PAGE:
|By Fr. Brendan McGuire
Pastor of Holy Spirit Parish, San Jose and Vicar General for special projects, Diocese of San Jose. Email him at firstname.lastname@example.org.
$20 Bill Counterfeit
If you discovered that one of the $20 bills in your wallet or purse was a counterfeit, what would you do? Would you take it down to the bank and report it? Or would you try to see if you could pass it off to the next individual? Let’s face it, it was not your fault.
Somebody somewhere gave you a $20 counterfeit bill! Are you going to say, “I’m not really sure and then pass it along?” Or maybe you will go to an institution like Macy’s and say, “They can afford $20. It won’t make any difference to them.”1
Would your attitude change if it was a $100 bill? Now that is a larger amount of money, what would you do? It is a typical personal ethics question for us. We would all agree on what is the right thing to do. The right thing to do, whether it be a $20 or a $100 bill, is to go down to the bank and say, “I think this is a counterfeit, can you tell?” They will know right away.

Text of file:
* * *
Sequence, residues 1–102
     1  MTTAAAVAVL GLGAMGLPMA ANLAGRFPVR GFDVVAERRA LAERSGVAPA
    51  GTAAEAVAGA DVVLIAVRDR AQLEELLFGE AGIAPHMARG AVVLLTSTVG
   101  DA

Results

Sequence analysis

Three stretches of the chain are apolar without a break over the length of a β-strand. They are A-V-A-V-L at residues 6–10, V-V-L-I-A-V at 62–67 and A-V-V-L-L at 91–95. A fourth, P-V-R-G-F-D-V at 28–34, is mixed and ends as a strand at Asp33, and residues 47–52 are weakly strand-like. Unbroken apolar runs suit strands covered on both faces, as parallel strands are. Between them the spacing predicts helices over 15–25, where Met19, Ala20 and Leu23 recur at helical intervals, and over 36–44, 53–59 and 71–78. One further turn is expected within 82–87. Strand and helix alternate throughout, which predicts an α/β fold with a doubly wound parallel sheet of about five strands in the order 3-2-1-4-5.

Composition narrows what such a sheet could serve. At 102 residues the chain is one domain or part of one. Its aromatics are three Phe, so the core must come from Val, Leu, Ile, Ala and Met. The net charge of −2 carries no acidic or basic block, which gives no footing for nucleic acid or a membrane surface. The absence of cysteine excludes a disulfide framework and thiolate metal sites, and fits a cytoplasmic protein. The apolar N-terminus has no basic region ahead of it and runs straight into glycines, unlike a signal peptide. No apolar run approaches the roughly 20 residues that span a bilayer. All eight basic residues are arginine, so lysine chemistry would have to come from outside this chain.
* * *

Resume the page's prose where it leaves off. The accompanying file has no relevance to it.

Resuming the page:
We all agree that is the right thing to do. The problem is that it takes time, energy and commitment to do. Is it worth it for $20? Is it worth it for $100? The question is would we just turn a blind eye and say, “They will never know” and pass it on!
The challenge of being a Christian is not in knowing the right thing to do. For the most part, we know the right thing to do in any given situation. There are times when it is complex but for the most part we know the right thing to do. Yet, we so easily give ourselves excuses to let ourselves off the hook and we choose not to do the right thing or we choose to do nothing. It is hard work to do the right thing for the right reasons.
In today’s Gospel, we hear the story of the two sons. We tend to be disappointed in the sons, but the reality is that they remind us of ourselves. The Lord reminds us the one who does the will of God is the true follower!
We know what we need to do, let’s do it. There is at least one person who we need to forgive and we have not yet forgiven. There is probably one person that we know we need to reach out to and we do not need me to tell us, but we have not done it.
May we do everything we can this week to be living examples of faith; to be kind, gentle, loving and forgiving; to bear witness to the Gospel; to bear witness to the cross; to be Christ to others; to be the one who does the right thing! In every way, may we do the right thing.
1 Adapted from “Connections” (Mediaworks, Londonderry, NH: September, 2014)